January 29, 2017

This is not a Man’s World.

It’s the same old story.

Man bumbles through life, gets the job that’s expected of him and waits for the weekend to drown in some sort of liquid confidence.

Let’s name this man Bill.

Although Bill doesn’t know it yet, a desperate part of him always wanted something more. To start his own company, be with the woman of his dreams and to travel the world.  But let’s face it, chances are Bill will most likely only achieve a small number of his dreams and be struck with a dreaded mid-life crisis.

Much like Bill, I was a young man desperate for something more than being told to be a man in times of hardship.

But which man should I be?

The man I see on television obsessed with his looks, the man I see on the news looking like he’s starting wars all over the world, the man I see in an office who seems obsessed with money?

Whatever being a man is or isn’t, this was certainly NOT a man’s world that I wanted to be a part of. 

One which supports men to be nothing more than what’s expected of them: mindless work, repressed emotions and opening jars.

It seems boys are expected to be men as soon as their voice drops and they can grow facial hair.

Our initiations happen in the work place, on the sports field and through television shows and mass media. We’ve replaced first-hand experience with secondhand knowledge, trusting the latest Hollywood male actors to show us how to be men.

“The mass of men lead quiet lives of desperation.”

~Henry David Thoreau

Inspirational men have inspired us to stand up and be the change. Gandhi, Martin Luther King Jr. and Nelson Mandela are prime examples. George Michael, Elon Musk and Fela Kuti were brave men willing to break the status quo.

It’s not essential for every man to do as they did, we each have our own journey.  What these men had, however, was the courage to be vulnerable and stand up for what they believed in.

Modern society isn’t doing enough to help support men who expose their vulnerability. Here are some ways that may help:

Supportive Male Role Models.

Our nearest and dearest are our first point of call. Fathers can share their wisdom with sons as they watch them grow, and friends can band together and create support groups. Commending your male friends on their achievements is vital for their growth, as well as your own. We are stronger as a team.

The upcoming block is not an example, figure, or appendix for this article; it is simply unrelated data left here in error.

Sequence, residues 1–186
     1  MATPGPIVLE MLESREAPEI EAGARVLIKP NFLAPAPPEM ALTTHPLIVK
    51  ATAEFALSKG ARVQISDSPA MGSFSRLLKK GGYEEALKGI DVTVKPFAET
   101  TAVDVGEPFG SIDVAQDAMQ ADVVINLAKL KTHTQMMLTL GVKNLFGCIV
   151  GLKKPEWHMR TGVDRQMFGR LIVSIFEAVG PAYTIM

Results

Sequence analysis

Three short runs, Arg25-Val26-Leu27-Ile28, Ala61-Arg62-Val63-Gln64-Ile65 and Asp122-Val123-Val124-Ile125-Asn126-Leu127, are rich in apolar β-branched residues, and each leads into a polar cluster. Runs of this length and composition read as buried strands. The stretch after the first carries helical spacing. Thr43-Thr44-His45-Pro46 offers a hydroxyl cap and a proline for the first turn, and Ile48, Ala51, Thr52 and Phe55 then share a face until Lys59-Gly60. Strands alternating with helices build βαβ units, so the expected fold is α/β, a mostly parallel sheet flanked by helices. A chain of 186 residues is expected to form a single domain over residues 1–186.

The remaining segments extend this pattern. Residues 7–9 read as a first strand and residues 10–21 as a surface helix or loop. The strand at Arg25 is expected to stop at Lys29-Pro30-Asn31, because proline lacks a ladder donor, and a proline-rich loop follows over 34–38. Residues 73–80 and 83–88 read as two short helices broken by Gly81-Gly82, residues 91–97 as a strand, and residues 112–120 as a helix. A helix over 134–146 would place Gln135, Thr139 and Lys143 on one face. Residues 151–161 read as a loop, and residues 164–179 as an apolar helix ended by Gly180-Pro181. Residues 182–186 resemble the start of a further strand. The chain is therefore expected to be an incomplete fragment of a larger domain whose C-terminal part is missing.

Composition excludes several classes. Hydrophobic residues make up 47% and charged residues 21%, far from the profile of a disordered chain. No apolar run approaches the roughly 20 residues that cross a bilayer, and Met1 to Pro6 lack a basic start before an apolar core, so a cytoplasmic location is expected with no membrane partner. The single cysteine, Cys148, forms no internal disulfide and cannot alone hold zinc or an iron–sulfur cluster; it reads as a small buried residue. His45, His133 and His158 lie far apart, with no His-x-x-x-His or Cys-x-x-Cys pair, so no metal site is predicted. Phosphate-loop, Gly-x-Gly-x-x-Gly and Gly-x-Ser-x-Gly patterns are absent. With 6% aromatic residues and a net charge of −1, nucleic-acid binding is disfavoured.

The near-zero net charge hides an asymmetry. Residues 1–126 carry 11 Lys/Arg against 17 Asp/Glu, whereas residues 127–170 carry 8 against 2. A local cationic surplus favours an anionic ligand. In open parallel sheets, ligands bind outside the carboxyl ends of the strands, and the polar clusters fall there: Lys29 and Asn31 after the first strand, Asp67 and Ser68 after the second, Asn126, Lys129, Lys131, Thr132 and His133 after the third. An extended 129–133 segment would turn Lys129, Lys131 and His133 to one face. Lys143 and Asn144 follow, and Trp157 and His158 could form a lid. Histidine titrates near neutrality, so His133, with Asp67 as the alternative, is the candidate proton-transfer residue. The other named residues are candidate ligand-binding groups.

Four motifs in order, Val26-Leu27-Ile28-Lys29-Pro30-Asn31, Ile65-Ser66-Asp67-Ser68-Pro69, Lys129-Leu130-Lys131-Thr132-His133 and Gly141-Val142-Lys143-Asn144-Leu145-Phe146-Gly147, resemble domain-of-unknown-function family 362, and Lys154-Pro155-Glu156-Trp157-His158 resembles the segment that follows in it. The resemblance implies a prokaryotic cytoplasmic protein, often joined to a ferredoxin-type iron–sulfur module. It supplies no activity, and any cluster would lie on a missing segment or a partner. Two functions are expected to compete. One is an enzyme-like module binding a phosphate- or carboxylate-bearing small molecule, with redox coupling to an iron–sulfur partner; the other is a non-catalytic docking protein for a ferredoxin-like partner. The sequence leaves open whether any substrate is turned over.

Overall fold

Joining/Forming Men’s Groups.

For those without close male family members or friends, you can benefit by joining a men’s group. There are men who choose to live their lives in different ways. Still, the journey for each can be somewhat similar. The courage to open up to other men is immensely beneficial. Often, when feeling vulnerable, men will support and guide one another in groups.

Practising Yoga (or anything else not commonly perceived as masculine).

Practising yoga can give a man the confidence to break the perception of yoga being for women only. In larger cities this is no longer an issue, but in smaller cities around the world this continues to be a stereotype. It’s courageous to be vulnerable in a space that isn’t regarded as masculine.

Depending on the type of man and situation, we need to become more comfortable with who we are but we tend to categorise people and disregard the uniqueness of the individual.

Men are often grouped into the same category and expected to be a certain way, perhaps unnatural to them.

As long as a man is living by his own core values, it doesn’t matter what profession he chooses.

Being unique requires courage and vulnerability, and it’s this rare combination that we can all strive for.




Author: Jonty Hikmet

Photo: Barney Moss/Flickr

Editor: Lieselle Davidson

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